North needs to be united

Reflections Liv

We’re all in this together…

It is a phrase that the chancellor has trotted out regularly during his near five year tenure in number 11 Downing Street, to explain and justify the austerity programme he has embarked upon since taking office, but it is now a mantra that should be adopted by northern cities as the devolution bandwagon continues to gather speed – but with only Manchester in a position to take full advantage of the progressive plans that are being presented.

I have had the opportunity of speaking with both the Leader and the chief executive of Manchester City Council in recent weeks, and they are naturally delighted with a ‘Devo Manc’ package that now gives them budgets, powers and responsibilities over a whole range of services including housing, health, business support and economic development; and following the budget on Thursday the local retention of business rates raised in Greater Manchester too.

But, far from cocking a snoop at their northern neighbours, who have failed miserably in grasping similar offers made to them by central government, Sir Richard Leese and Sir Howard Bernstein are desperate for others to ‘get with the programme.’

For, as Leese pointed out at the Northern Powerhouse dinner hosted by PwC in Manchester on Wednesday night, it will be much more difficult for any future government to dilute the Manchester devolution package if several others are enjoying the same or similar devolved powers.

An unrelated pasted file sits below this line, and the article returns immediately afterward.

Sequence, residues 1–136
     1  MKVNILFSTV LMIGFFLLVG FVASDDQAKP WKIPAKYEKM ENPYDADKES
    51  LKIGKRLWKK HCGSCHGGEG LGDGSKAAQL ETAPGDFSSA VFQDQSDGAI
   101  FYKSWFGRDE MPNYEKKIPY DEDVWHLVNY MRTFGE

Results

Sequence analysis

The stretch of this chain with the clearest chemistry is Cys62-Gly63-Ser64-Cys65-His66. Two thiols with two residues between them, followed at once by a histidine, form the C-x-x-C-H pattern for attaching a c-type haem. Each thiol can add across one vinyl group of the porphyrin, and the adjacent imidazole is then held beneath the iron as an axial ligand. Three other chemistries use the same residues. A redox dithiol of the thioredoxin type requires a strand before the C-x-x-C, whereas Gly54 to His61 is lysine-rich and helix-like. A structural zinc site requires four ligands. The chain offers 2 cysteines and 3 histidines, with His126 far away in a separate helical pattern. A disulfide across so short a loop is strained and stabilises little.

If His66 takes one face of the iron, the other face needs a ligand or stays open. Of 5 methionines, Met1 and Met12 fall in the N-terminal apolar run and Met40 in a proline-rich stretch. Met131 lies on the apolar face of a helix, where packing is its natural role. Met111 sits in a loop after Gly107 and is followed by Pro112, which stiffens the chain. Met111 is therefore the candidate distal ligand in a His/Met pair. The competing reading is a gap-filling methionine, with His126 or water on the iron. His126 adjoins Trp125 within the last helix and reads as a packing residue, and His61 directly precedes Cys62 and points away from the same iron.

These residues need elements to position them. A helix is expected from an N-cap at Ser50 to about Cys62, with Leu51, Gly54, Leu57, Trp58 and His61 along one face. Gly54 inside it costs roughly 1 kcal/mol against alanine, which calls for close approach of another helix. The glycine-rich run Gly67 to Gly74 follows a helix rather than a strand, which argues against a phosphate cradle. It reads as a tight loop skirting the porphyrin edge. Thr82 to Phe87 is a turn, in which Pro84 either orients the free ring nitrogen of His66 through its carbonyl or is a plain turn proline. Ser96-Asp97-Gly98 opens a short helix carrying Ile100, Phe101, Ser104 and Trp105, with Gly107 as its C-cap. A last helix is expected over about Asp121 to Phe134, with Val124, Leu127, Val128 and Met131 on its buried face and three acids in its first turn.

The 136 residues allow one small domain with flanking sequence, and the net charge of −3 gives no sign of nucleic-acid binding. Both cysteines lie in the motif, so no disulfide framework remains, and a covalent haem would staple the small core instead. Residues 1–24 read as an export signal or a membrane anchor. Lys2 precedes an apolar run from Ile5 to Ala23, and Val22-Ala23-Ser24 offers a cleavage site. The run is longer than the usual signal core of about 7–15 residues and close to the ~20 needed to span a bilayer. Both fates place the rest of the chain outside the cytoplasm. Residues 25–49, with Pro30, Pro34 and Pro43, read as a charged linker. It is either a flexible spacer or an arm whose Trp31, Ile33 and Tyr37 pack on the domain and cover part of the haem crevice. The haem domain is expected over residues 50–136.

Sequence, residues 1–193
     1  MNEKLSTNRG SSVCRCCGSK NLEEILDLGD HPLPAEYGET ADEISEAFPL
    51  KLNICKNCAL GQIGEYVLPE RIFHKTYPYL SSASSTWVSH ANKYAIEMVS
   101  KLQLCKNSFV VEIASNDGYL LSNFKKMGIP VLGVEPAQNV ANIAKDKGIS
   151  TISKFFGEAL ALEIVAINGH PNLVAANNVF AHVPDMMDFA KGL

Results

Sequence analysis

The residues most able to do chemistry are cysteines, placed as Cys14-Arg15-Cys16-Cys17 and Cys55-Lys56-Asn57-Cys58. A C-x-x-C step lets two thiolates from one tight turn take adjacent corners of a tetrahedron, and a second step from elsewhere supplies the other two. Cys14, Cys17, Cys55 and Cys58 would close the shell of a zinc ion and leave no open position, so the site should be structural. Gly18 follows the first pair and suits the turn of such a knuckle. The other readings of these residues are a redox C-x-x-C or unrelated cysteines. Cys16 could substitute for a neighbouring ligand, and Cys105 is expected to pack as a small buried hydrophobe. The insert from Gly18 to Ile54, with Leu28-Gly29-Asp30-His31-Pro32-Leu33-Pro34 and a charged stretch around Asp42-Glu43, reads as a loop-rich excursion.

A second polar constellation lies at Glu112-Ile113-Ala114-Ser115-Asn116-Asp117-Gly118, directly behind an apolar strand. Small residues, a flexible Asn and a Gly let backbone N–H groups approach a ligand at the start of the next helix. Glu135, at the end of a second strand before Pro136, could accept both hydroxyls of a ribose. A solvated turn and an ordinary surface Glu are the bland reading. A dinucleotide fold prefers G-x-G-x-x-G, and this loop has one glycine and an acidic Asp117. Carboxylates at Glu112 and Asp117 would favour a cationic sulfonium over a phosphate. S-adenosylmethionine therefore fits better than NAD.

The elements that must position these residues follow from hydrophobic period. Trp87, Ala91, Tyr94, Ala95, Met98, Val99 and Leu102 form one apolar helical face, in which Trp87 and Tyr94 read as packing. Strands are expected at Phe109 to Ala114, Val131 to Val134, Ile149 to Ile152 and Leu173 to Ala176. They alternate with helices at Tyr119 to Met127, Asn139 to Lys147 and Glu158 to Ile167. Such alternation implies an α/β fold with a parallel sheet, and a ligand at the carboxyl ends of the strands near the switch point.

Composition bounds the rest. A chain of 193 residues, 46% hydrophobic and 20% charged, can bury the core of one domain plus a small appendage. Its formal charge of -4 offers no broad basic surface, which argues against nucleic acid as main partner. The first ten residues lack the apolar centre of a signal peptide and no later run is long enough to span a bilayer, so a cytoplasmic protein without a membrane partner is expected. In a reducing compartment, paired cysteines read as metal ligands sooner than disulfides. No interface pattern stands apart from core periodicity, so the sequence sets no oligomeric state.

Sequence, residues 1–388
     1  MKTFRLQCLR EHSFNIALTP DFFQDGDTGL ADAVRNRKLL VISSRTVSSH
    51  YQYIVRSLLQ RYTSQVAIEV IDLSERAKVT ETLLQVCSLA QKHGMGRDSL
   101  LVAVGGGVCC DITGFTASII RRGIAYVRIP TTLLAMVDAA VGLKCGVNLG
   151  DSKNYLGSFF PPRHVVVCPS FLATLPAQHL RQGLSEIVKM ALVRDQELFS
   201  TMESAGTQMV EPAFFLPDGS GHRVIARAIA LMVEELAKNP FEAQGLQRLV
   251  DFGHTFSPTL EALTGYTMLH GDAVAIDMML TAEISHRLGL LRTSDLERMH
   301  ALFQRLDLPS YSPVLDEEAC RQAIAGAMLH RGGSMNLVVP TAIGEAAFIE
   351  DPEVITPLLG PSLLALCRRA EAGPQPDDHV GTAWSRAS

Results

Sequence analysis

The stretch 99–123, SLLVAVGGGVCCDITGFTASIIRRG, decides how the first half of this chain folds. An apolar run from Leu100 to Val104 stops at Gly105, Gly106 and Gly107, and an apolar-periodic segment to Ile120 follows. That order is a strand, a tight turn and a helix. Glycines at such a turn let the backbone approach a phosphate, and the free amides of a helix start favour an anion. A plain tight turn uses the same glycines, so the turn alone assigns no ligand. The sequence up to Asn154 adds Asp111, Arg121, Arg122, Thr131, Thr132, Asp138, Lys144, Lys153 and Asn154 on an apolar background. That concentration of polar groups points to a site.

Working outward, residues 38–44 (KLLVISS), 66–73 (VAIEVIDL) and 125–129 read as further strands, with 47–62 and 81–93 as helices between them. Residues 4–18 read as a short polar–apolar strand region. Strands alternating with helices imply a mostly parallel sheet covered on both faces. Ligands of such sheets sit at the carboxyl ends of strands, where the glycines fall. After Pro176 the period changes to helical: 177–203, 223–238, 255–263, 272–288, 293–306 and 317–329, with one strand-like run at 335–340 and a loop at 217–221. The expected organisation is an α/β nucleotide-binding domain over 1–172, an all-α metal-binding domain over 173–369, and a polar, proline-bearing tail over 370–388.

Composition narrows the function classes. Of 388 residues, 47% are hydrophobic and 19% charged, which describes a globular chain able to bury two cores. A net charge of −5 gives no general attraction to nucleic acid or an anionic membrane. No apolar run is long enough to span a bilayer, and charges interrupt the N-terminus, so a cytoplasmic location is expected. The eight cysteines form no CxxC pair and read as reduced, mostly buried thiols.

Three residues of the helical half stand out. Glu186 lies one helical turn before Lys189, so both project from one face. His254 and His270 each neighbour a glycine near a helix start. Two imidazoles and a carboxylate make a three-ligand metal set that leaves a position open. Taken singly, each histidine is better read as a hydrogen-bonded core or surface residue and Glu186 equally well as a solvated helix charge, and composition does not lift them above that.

He and Bernstein are also acutely aware of the need to connect the north far more effectively and efficiently through big infrastructure projects on road, as well as rail, if their city is to meet its full potential. And, they will also know that Manchester is now the undisputed capital of that Northern Powerhouse, meaning that they can be far more generous in supporting and ‘coaching’ other city regions to improve both in economic and governance terms.

To this end, I hope Leese and Bernstein continue to explain to Leeds and Liverpool that it is not only pragmatic to accept the notion of a directly elected leader to oversee and be accountable to the electorate for all the additional powers that are available, but it is, democratically, the right thing to do.

What government in its right mind would hand over billions of pounds in resources to a bunch of largely faceless councillors, who may or may not be in a leadership position in twelve months’ time, depending on the whims of not only the local electorate, but their own political group as well?

The idea that you can ask for radical changes to your power take, without accepting an equally radical change to your governance arrangements is clearly a nonsense.

Politicians in Merseyside and Yorkshire may cry ‘it’s not fair’ – but without any movement on the governance agenda from them, then it is most certainly right.